Michigan 12th District
The flat expanse of land just north of Eight Mile Road, Detroit’s northern city limit, was mostly vacant in the years just after World War II. A string of suburbs in Oakland County ran along Woodward Avenue from the Detroit city limits to the Shrine of the Little Flower Church in Royal Oak, where Father Charles Coughlin in the 1930s made his radio broadcasts opposing Franklin D. Roosevelt and denouncing bankers and Jews. In the 1950s and 1960s, Woodward was one of America’s greatest cruising highways, where teenagers drove big Detroit cars up and down the eight lanes and where the lights were timed at 42 miles per hour. (Since 1994, the Woodward Dream Cruise of old cars has commemorated that era with a mega-celebration drawing more than 1 million.) To the east in Macomb County was some industrial development along Van Dyke Road, but this was mostly empty land, too. Then Polish-Americans began marching out Van Dyke from Hamtramck to Warren. Italian-Americans headed out Gratiot from Detroit’s east side to Roseville and Clinton Township. Belgian-Americans from the Mack corridor moved out farther to St. Clair Shores. Today, these areas are well-settled suburbs, long since built up, a few neighborhoods edging toward seediness, many others continually renovated. Almost half of metro Detroit’s population is now north of Eight Mile, in communities drawing on old traditions but crackling with economic creativity.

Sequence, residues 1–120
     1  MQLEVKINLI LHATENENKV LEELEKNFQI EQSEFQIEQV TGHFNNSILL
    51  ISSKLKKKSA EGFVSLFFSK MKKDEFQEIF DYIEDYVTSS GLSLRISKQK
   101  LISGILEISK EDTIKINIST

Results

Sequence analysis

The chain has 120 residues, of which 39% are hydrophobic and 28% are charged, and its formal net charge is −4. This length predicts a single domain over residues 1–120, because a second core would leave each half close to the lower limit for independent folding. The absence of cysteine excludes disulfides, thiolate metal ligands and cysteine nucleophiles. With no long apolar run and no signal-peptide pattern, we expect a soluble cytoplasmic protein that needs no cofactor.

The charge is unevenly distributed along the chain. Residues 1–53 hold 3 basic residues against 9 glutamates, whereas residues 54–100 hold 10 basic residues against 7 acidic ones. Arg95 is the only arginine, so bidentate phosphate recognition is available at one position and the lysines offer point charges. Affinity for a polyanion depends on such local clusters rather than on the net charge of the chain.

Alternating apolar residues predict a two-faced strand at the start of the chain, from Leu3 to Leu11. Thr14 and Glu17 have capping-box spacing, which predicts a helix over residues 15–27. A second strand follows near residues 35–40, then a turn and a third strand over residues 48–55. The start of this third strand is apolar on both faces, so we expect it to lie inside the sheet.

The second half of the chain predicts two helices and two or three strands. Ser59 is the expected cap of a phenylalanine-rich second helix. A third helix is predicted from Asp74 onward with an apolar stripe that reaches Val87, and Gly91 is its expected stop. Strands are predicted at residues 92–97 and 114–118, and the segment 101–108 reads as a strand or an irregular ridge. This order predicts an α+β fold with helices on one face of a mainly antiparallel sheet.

2008 Presidential Vote
|Cook Partisan Voting Index|
The 12th Congressional District of Michigan is in this suburban territory, with two-thirds of its population in Macomb County. On the Oakland County side are the southern part of Royal Oak and other Woodward Avenue suburbs, which have been economically revitalized, attracting singles and gays as well as families. Oak Park, heavily Jewish in the 1950s, now also has sizable numbers of Arabs and blacks. Hazel Park and Madison Heights are mostly peopled with descendants of the Appalachian migrants of a few decades ago. Southfield, Michigan’s largest office-space center (far ahead of Detroit), has a black middle-class majority. Ferndale, one of the original bedroom communities for autoworkers, has been revived with help from government bonds and is viewed as a model for rescuing aging suburbs. On the Macomb side are the county’s more Democratic neighborhoods: Warren and the southern part of Sterling Heights, site of the General Motors Technical Center, a big Chrysler plant and the now-privatized M-1 tank plant. Farther east are blue-collar communities of Macomb: Eastpointe (formerly known as East Detroit, it voted to change its name to make it sound less like Detroit and more like tony Grosse Pointe), Roseville, St. Clair Shores, Clinton Township and Mount Clemens. Although still a small share at 7 percent, the black population has been growing rapidly in Macomb. This district is solidly Democratic.